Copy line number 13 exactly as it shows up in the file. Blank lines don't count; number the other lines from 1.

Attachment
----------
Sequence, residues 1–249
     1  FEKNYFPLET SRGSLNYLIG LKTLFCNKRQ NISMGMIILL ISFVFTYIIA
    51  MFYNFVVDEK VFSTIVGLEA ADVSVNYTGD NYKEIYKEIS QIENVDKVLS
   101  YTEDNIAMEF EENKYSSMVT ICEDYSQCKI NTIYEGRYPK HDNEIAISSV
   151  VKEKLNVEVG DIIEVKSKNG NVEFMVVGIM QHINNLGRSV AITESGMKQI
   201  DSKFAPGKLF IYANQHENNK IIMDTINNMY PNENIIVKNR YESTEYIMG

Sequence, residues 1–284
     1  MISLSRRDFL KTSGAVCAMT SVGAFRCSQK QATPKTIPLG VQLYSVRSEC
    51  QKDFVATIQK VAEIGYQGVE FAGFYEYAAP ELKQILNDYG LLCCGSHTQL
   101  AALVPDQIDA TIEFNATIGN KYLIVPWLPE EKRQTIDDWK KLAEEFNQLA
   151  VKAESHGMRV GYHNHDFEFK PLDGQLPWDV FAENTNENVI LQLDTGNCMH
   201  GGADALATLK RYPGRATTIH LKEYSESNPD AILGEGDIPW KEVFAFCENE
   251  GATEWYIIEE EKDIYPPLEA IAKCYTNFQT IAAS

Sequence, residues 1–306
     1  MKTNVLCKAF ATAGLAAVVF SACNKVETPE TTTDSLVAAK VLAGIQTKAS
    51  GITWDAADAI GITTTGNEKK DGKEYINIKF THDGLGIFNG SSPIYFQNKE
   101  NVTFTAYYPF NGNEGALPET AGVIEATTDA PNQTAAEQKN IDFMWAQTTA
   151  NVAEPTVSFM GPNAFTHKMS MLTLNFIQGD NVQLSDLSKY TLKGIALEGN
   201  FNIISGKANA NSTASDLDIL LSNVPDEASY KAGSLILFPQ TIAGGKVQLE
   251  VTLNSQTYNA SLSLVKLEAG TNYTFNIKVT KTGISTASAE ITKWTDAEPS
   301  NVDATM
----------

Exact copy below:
   251  GATEWYIIEE EKDIYPPLEA IAKCYTNFQT IAAS